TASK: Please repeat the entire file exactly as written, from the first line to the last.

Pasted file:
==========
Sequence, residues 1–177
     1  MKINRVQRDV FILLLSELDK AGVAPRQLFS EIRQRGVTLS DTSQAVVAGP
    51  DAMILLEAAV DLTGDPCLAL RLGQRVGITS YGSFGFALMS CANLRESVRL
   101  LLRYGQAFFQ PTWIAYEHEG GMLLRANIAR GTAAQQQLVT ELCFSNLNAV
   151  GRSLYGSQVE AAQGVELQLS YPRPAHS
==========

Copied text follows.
Sequence, residues 1–177
     1  MKINRVQRDV FILLLSELDK AGVAPRQLFS EIRQRGVTLS DTSQAVVAGP
    51  DAMILLEAAV DLTGDPCLAL RLGQRVGITS YGSFGFALMS CANLRESVRL
   101  LLRYGQAFFQ PTWIAYEHEG GMLLRANIAR GTAAQQQLVT ELCFSNLNAV
   151  GRSLYGSQVE AAQGVELQLS YPRPAHS